The fall semester recently started, which means that the University of Hawaii at Hilo’s apiary program is harvesting honey from the College of Agriculture’s beehives.
This is the second year of Chef Alan Wong’s Adopt-A-Beehive program, and I didn’t hesitate to opt in when it came time to make another donation.
I received my first honey delivery of the growing season this week, which instantly got my creative juices going. The question arose again, what can I do with this honey. I wanted to make something that would highlight the flavor of the honey, and the best way to do that would be by not messing with it too much.
I decided to play around a bit with molecular gastronomy and make honey caviar. This is done through a process called spherification, which involves dropping liquid mixed with sodium alginate into a calcium bath. The resulting chemical reaction creates an edible gel membrane that encapsulates a liquid center similar to caviar.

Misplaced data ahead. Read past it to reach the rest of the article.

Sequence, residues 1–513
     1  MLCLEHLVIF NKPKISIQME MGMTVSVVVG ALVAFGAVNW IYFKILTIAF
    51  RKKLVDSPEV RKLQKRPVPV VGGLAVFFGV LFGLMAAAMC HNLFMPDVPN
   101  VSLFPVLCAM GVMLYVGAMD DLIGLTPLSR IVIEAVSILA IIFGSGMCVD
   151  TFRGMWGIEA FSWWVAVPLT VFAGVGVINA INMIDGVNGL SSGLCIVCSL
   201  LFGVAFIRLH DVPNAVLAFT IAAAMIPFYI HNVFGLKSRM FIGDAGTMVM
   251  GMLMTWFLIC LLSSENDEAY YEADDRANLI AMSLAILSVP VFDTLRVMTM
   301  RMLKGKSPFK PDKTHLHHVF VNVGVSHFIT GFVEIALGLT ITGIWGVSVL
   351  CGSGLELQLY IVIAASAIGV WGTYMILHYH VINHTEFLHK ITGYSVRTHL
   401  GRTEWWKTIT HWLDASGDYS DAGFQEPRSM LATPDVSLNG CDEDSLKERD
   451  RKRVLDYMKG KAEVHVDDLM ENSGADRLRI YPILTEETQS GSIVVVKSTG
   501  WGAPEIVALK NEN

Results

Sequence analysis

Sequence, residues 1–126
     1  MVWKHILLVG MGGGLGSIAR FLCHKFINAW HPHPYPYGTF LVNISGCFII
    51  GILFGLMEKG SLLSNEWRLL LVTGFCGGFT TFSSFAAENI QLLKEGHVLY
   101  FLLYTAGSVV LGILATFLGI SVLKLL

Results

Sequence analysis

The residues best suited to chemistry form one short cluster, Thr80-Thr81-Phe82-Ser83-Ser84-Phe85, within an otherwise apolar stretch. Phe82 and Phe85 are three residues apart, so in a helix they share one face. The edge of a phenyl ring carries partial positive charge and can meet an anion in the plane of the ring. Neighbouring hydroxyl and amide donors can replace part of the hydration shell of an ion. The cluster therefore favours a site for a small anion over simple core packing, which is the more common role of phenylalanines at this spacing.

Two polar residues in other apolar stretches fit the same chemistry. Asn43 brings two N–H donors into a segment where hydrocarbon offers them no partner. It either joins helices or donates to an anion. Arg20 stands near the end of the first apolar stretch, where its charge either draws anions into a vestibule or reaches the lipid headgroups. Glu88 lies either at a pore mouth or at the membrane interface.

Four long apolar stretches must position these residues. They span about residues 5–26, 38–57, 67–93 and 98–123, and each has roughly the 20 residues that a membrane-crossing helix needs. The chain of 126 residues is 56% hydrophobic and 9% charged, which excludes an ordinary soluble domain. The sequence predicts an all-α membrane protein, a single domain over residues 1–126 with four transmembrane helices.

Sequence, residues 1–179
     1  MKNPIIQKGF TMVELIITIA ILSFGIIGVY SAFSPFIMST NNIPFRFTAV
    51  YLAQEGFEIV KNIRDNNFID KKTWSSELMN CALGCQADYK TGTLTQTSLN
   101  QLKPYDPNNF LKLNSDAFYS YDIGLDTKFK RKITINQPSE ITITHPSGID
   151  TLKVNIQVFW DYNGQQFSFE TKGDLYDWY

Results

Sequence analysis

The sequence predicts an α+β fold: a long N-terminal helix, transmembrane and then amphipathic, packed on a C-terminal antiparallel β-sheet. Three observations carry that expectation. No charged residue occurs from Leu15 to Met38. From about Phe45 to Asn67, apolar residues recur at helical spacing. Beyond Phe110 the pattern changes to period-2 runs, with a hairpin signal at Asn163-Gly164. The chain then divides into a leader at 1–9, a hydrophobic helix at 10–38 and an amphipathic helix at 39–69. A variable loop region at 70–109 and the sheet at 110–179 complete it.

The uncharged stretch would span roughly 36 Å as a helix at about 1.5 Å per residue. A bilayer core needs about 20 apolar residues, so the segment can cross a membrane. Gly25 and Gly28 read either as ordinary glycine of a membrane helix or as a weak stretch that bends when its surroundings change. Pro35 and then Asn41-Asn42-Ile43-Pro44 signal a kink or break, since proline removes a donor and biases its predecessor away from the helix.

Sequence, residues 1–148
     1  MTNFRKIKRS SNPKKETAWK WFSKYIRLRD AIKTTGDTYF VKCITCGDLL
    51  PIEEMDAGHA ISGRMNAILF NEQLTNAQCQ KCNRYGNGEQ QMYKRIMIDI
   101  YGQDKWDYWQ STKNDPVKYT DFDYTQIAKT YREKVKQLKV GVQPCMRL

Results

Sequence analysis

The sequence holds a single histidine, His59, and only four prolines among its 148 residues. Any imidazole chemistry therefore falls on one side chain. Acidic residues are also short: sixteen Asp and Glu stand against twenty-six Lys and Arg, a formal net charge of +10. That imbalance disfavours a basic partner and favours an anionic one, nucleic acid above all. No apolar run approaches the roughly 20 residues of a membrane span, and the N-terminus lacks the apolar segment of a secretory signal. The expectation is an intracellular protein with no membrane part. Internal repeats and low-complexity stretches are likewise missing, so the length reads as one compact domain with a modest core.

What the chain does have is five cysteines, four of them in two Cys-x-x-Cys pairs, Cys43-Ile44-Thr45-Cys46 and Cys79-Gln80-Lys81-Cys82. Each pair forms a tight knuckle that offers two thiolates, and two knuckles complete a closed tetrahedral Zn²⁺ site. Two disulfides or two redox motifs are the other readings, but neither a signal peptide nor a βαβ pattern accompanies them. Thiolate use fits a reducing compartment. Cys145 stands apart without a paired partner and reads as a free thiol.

Honey Caviar (1 of 6)
I tend not to trust recipes from cookbooks and the Internet, preferring instead to adjust one of my proven recipes. However, this being my first attempt at molecular gastronomy, I had no recipes to draw upon.
I found a simple recipe online, and as expected, ran in to several problems not listed on the site. The first being that my first batch instantly gelled. The resulting mixture was so thick that air bubbles emerged when mixing it.
I eventually realized that the culprit was the tap water that I mixed with the sodium alginate. The old pipes in my house no doubt had some calcium deposits that contaminated the water. I made another batch with bottled water, and that solved the problem.